I hope you've had a great week, thus far.
If you've seen the Real Estate news from this week, we had some incredible news, with the National Association of Realtors (NAR) stating that "Pending home sales rose in July to the highest level in over two years and remain well above year-ago levels" (Up almost 2.5% from June 2012 to July 2012 and almost 2.5% from July 2011 to July 2012). With this fantastic news, we also heard from the Standard and Poors/Case-Shiller folks that Home prices are on the rise, showing, "positive annual growth rates for the first time since the summer of 2010", and also, this is the second consecutive month where "all 20 cities and both Composites recorded positive monthly gains."
So if you're selling a home, where do you even begin to price it? Emotions usually dictate the offer price that a seller will choose, as opposed to solid, fact-based reasoning. HomeGain.com ran a survey earlier this year that uncovered the following: "76 percent of homeowners believe their home is worth more than the list price recommended by their real estate agent."
"Homebuyers usually have a better grasp of current market value in the area where they're looking to buy than do sellers who own and live there", says Dian Hymer, a veteran real estate broker, author, and a nationally syndicated real estate columnist, in a recent story on the Inman News website. Hymer says that "Buyers look at a lot of new listings. They make offers, know what sells quickly and for how much, and what doesn't and why." HomeGain reported that "homebuyers still think sellers are overpricing their homes."
Hymer says that if a home lacks features from recent sales comparables ("comps"), "it's time to subtract value". She reminds us that a home is worth "what a buyer will pay for it given current market conditions", which may conflict with your opinion on price or what you are hoping for. With a spot-on comment on this dance, Hymer says that "Relying on emotion rather than logic when selecting a list price can lead to disappointing results."
As for timing, Hymer says that it's the "prime opportunity for selling a home" when it first hits the market, as there are buyers who wait for these new listings, and as she writes, these listings "receive the most showings and have the busiest open houses during the first couple of weeks they are on the market". With that rule in mind, that is the time to show off your home at an attractive list price, and she aptly says, "Listings that sell today are priced right for the market". Very simply, Buyers want to feel they are getting a good deal, and will not overpay in a market that is still dropping or struggling, and Hymer says that in areas of strong sales, "buyers may shy away from multiple-offer situations if they feel the recovery is fragile and that prices may slide further before stabilizing", thus, effectively, it seems they would step away from engaging in a bidding war.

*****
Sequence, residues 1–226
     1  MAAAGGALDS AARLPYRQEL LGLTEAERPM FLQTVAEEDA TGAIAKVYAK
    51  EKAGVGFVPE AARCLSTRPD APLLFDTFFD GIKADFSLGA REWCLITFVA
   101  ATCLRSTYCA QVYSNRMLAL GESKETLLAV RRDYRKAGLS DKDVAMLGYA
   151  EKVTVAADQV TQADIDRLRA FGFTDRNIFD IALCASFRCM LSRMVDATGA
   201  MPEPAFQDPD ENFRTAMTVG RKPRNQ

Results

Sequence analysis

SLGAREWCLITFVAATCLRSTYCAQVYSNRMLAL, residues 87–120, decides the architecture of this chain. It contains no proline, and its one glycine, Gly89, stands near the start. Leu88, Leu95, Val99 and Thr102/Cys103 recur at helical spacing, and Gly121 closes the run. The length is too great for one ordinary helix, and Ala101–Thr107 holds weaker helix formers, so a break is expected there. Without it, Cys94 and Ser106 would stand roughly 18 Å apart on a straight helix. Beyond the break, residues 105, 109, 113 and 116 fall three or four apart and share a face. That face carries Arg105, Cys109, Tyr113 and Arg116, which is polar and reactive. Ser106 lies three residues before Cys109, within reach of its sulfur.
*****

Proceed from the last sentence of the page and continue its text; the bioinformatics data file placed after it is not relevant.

As most of you are aware, real estate agents and appraisers use "Comps", or sales of similar homes in your area, to help establish a price range for offering/selling your home. Hymer says that if your home does not have a feature of a specific Comp (i.e. a remodeled kitchen), value is subtracted from the value of your home, and if your home has a feature that a specific Comp does not have (i.e. an easily accessible, level backyard), value is added to your potential sales price.
With that being said, we're all human, and emotions play a factor.
As Hymer says, "It's difficult for sellers to step back and take an attitude of detached interest in their home", and adds that it's "essential to do so if you want to sell successfully in this market.". She suggests selecting a "list price that undercuts the competition to drive buyers" (and offers?), to your home. She also says that if Comps show prices moving up, you can take a "more aggressive stance on pricing". "But don't list too high", cautions Hymer, who says that it's better to "stay in the range shown by the comparables and expose the house to the market before accepting offers", since the market will drive up the price if it's warranted.
As a final note, Hymer cautions us not to rely on rumors about home sale prices that circulate in the neighborhood, as they tend to get inflated when "passed from one person to another", and suggests that you, "Select your list price based on hard facts."
What are your thoughts on this? Have you sold a home before? Have you overpriced it? Did you underprice it? We'd love to hear about your experience, good or bad.
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Have a Great Weekend, and Happy Rent-to-Owning !
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TAGS: #HomeSales #HomePrices #RealEstate #homebuyer #homeowner #salescomparables #Comps #Appraiser #NationalAssociationofRealtors #NAR